Moomins have a lucrative niche publishing and licensing market predominantly in Nordic countries, Japan and of course Britain. But why haven’t Moomins entered the American market? I’m tempted to give a simple answer by linking this back to a question I posed a few posts ago and say it’s because Americans are (generally perceived to be) stupid and will never understand Moomin, but that wouldn’t be fair.
Obviously it has more to do with business marketing and not level of intelligence but if other countries, all unique in their own accord, can love Moomin why can’t America? Moomin books were sold in the U.S. half a century ago but the firm currently has no licensees and animations have aired only in Hawaii. It is rumoured that there was once a Moomin Shop in Honolulu, which opened around 2008 but that has since closed.
In Japan, Moomin plays into a cultural appreciation for cute (kawaii) things and Japanese adults will without hesitation buy as much as a child will. There is no shame in expressing how cute something is, whether if you’re male or female. Why should there be? In addition, Japan has always embraced foreign culture and is known for adopting what it likes and making it their own, not to mention evidence in all the foreign loan words incorporated into modern Japanese language.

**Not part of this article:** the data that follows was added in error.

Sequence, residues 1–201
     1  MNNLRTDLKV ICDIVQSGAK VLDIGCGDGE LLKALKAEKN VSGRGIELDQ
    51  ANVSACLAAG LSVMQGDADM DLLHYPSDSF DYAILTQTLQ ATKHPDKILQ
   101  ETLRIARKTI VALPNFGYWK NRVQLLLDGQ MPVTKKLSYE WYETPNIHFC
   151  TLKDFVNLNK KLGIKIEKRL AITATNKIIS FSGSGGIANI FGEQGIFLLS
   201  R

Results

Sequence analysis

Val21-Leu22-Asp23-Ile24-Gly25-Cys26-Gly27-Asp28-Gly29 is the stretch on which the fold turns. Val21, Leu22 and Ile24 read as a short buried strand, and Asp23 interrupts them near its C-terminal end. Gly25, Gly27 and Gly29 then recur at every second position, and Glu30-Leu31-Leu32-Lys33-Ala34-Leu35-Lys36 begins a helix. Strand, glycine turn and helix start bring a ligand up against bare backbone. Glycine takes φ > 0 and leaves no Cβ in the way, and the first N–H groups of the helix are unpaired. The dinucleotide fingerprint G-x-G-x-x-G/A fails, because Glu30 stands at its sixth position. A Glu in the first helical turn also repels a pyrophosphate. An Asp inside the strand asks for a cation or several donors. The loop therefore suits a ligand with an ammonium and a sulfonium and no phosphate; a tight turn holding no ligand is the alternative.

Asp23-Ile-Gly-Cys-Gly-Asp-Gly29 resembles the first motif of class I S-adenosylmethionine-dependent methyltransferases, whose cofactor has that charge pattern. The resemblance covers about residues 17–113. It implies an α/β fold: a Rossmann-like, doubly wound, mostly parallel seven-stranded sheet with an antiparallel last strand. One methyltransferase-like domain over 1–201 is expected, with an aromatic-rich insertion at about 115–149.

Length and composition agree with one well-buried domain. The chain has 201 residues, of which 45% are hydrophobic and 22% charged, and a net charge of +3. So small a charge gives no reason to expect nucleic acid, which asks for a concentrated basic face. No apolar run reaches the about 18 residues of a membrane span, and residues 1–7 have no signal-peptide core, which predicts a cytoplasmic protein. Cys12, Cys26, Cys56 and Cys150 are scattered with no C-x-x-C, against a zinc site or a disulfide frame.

Those points alone may explain exactly why Moomin still hasn’t taken America by storm. The Moomins are curious, bohemian, generous and may be a bit more eccentric than the American mainstream. They don’t use mobile phones and live simple lives, yet every day holds a new adventure. And as shows like American Idol and The Voice prove time and time again, if you’re quirky and different chances are you won’t be embraced by the masses. In terms of profit–you won’t be worth the risk.
Then there is the fact that Moomins are culturally different from current and historical American characters, such as Disney’s Mickey Mouse and Winnie the Pooh (yes, we know that classic Pooh is originally British but we refer to Disney’s Americanised animation of the cuddly honey loving bear), both in the way they look and the content of their stories. Disney is mainly marketed toward children. Whereas the stories from Moominvalley are not all suited to children. Foreign things, people, or food have never been readily welcomed by mainstream America. Accepted, perhaps after modification, but never quite in its authentic form.
It seems there are Moomin fans in the U.S. but they must search high and low to keep up to date with the latest Moomin goods and news. So could America ever love Moomin? I’m not confident that it could, though I would love if one day everyone in the world could grow to love the Moomins. The world would certainly be a better place!